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Higher fitness level improves executive brain function

Participants in a study showed better dual-task cognition the more they engaged in physical activity.

By
Stephen Feller
Multiple studies have shown that, as people age, physical fitness improves brain health -- and cognition, as a result. Photo by wavebreakmedia/Shutterstock
Multiple studies have shown that, as people age, physical fitness improves brain health -- and cognition, as a result. Photo by wavebreakmedia/Shutterstock

CHAMPAIGN, Ill., Sept. 13 (UPI) -- Researchers found in a recent study that higher levels of fitness help increase volume in key regions of the brain and improve executive function, which plays a role in reasoning and problem solving.

While previous studies have shown that fitness helps with cognition by increasing levels of white matter fibers in the brain, the new University of Illinois study looked specifically at its effect on managing multiple tasks.

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"The reason we looked at dual-task specifically is because it's a measure of executive function, which is required for multiple cognitive processes, such as working memory, task management, coordination, and inhibition," said Chelsea Wong, a doctoral student at the University of Illinois, in a press release. "We know that as people age, executive function declines, so we found that with higher cardiorespiratory fitness, you can enhance executive function performance behaviorally as well as executive function-related brain activation."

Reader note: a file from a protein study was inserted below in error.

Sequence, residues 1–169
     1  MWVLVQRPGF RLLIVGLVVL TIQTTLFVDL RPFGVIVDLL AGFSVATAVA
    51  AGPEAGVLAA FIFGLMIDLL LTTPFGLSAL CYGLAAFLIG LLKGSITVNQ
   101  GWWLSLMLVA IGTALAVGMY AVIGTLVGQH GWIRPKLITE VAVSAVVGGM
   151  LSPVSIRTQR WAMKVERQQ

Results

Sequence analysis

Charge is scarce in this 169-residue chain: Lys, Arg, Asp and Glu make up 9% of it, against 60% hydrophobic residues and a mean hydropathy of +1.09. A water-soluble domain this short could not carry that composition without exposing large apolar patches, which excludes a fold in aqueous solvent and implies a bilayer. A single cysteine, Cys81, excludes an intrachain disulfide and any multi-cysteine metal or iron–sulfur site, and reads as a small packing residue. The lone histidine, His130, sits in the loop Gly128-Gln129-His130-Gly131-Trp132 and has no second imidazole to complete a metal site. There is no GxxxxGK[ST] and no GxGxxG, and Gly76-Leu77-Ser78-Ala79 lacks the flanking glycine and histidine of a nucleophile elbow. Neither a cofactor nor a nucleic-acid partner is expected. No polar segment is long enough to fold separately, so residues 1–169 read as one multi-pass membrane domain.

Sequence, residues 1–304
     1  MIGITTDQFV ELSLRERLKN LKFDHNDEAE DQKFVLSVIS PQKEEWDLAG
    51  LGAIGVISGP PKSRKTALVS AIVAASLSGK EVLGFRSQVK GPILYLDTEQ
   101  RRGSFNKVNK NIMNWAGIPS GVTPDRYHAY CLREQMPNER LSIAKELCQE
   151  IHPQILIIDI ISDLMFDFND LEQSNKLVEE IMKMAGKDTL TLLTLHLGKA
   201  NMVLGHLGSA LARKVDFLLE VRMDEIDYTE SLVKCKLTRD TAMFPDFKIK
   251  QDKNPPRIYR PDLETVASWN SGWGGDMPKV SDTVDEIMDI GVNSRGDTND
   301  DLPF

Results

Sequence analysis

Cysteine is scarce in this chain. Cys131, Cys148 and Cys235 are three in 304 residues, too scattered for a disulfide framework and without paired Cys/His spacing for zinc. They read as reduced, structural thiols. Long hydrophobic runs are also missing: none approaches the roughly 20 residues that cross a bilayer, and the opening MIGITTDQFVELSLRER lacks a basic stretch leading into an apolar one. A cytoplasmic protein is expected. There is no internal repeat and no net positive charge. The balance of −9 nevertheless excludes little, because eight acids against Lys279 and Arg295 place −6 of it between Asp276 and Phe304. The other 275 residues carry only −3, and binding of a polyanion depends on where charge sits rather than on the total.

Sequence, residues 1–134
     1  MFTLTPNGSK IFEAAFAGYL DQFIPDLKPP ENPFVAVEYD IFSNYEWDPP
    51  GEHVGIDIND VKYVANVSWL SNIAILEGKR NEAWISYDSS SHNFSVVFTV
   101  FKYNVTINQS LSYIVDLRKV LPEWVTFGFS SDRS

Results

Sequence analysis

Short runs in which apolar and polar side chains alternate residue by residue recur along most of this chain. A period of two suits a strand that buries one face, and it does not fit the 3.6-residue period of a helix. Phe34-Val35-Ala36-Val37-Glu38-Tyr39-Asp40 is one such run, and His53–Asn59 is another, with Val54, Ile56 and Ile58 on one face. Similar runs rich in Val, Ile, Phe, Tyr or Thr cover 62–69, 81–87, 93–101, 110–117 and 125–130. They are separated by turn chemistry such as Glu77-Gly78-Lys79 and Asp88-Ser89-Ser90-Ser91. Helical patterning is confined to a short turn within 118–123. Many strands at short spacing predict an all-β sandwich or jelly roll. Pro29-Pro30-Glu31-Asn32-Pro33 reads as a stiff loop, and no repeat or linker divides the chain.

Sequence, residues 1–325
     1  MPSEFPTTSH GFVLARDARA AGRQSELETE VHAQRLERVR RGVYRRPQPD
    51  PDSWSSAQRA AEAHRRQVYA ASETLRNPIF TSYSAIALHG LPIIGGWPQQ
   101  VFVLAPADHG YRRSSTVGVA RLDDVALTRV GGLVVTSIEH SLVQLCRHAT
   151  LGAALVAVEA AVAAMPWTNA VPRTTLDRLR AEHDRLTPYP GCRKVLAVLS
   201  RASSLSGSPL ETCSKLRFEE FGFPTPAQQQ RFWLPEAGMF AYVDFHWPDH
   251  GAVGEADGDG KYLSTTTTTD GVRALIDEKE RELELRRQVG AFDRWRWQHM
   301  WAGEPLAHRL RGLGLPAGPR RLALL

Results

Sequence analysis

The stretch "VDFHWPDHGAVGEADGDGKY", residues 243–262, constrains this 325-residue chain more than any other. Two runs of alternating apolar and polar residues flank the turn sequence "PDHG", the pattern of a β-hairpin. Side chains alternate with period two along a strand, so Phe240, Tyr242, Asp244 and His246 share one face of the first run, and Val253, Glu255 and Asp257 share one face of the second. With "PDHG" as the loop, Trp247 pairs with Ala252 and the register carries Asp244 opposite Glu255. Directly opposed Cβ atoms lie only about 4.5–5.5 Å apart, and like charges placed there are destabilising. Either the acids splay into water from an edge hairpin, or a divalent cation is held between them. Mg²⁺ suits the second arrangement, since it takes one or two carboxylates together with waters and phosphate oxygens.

The researchers worked with 128 adults between the ages of 59 and 80, analyzing brain images and fitness level data for them, in the new study published in Frontiers in Aging Neuroscience.

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Using MRI scans, they found that higher levels of fitness and physical activity led to increased levels of brain activity while doing multiple tasks.

The previous study included 100 adults whose physical fitness was monitored for 7 days, before researchers reviewed data on their brain function and finding that more physical activity resulted in greater white matter connections in the participants brains.

"This research adds to our growing understanding of the relationship among physical activity and cognitive and brain function—and suggests that we can improve our brain health by changing our lifestyle even as we age," said Art Kramer, a professor of psychology and neuroscience at the University of Illinois.

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